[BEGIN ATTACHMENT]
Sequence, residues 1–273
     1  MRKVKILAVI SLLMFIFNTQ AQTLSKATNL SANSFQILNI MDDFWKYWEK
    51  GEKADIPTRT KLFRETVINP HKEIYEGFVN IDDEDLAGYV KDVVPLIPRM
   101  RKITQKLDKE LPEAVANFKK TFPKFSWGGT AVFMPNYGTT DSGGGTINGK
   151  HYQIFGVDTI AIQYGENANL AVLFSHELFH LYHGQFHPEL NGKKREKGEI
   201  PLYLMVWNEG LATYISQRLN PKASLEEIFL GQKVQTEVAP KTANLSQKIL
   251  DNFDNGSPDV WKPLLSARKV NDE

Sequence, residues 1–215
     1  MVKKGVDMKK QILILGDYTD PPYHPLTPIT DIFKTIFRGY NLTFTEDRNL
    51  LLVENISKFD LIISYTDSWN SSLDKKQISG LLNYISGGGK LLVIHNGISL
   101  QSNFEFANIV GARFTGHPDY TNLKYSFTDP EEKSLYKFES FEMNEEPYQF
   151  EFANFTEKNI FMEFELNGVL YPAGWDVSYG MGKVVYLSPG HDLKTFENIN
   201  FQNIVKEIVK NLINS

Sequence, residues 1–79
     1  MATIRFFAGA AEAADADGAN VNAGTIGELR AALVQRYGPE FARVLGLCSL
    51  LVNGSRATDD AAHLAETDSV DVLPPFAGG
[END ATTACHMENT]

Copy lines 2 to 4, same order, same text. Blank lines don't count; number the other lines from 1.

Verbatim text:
     1  MRKVKILAVI SLLMFIFNTQ AQTLSKATNL SANSFQILNI MDDFWKYWEK
    51  GEKADIPTRT KLFRETVINP HKEIYEGFVN IDDEDLAGYV KDVVPLIPRM
   101  RKITQKLDKE LPEAVANFKK TFPKFSWGGT AVFMPNYGTT DSGGGTINGK